Rick dons his flame-retardant suit in order to give you his FULL review of Super Mario Sunshine.
Super Mario Sunshine is a game that any Nintendo fan has been waiting six years to play, and while it’s not the same achievement in video game history as Super Mario 64 was, it is certainly more fun. However, it’s not a perfect game, and is bound to be a bit disappointing to some, especially to those that just don’t want to like it. The game isn’t going to go out of its way to endear itself to PS2 or Xbox fans with its bright colors and cartoon characters. But to anyone that can see past those “flaws”, they’re going to find a title with the utmost in great Miyamoto-style gameplay, clever and challenging puzzles, and 40+ hours of it. This is certainly not a six-hour “suck fest” like his brother’s last adventure.
The game has some of the best graphics seen on the year-old console. Yes, there are some rather lackluster textures, and the game isn’t as high-poly as most would expect, but it’s certainly not N64-esque. The use of FMV for the cut-scenes was unexpected, and rather unwelcome. There didn’t appear to be much that the in-game engine couldn’t have done that the FMV could (except take up space, maybe), especially considering the clear artifacting present.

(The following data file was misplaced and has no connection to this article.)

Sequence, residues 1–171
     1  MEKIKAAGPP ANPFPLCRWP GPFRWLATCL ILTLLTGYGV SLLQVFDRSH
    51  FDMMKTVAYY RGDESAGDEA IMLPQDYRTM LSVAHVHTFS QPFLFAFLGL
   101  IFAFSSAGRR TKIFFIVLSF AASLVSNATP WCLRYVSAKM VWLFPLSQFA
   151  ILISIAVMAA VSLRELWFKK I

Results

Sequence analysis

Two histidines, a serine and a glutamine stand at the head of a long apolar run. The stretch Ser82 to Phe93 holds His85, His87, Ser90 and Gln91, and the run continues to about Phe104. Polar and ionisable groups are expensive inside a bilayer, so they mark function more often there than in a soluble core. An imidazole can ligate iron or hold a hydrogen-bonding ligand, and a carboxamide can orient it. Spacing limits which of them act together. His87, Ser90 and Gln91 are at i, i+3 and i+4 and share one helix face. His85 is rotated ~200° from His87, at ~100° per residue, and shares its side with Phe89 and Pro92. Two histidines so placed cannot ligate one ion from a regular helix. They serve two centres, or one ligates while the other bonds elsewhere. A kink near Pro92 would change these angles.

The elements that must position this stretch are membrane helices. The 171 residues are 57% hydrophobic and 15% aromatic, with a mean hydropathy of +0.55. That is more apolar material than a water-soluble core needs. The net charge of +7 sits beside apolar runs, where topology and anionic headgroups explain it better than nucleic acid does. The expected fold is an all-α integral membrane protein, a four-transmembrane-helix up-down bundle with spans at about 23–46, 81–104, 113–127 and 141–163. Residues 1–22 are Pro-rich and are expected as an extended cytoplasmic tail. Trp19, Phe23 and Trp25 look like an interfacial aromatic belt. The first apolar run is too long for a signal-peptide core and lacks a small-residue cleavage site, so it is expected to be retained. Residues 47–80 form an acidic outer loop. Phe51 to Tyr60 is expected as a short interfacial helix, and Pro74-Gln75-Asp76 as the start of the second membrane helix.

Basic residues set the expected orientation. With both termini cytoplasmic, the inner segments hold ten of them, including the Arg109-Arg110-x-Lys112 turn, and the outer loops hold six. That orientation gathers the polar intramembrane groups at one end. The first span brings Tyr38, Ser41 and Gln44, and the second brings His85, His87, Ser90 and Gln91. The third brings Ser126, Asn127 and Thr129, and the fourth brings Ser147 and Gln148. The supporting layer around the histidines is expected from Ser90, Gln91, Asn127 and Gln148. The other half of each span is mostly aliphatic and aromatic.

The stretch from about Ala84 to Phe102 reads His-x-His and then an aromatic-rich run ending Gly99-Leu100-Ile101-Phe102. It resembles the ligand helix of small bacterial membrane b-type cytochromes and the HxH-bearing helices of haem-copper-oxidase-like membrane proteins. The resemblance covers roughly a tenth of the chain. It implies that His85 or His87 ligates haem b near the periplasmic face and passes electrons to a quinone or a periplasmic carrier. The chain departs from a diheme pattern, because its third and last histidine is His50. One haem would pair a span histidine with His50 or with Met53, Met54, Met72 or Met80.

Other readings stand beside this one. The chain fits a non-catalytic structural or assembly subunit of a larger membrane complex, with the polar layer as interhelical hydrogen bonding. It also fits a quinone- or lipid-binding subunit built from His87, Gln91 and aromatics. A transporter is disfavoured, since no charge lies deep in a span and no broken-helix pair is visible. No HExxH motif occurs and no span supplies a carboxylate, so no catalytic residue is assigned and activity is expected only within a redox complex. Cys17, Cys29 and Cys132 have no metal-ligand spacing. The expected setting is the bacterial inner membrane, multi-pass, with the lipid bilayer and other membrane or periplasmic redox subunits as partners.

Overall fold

However, the majority of the game has some rather lavish visuals, including the mesmerizing water (which blurs objects below it), and the lovely heat waves in some of the hotter levels. The muck that splatters the levels also coats Mario as he explores, quite a nice effect. Water and mud splashes as he runs through them, lens flare abounds, and the draw distance…well, when you can see the other levels from some places in the game, you’ll start to understand just how far the draw distance is. There is also some slowdown in rather odd places, places you wouldn’t expect to see slowdown. It happens when Mario is closed in and there is hardly anything else visible on the screen. Luckily, it doesn’t impact your ability to play, and never causes death. Overall, Sunshine is spectacular to look at, regardless of any of these issues.
Audibly, the game is a real treat. The calypso beat is never exhausting, and the many variations on classic themes are like gifts to Mario fans. The pipe organ version of the Mario theme sets your mind at ease, right before you rip your hair out during one of the “void” puzzle sequences. And of course, the underworld theme returns as Mario explores the pipes underneath the town. There are some new musical themes as well, certain to become instant classics. Mario makes his trademark exclamations and punctuates every jump with some sort of utterance. Really, the only downside is the unfortunate voice acting in the FMV sequences. Peach is much too high-pitched, bordering on whiny, Mario doesn’t speak at all (that can be heard, anyway), and FLUDD is way too slow and deliberate. These were all choices made to give the characters more … well, character, but it largely backfired. Thank goodness that the FMV clips are rare.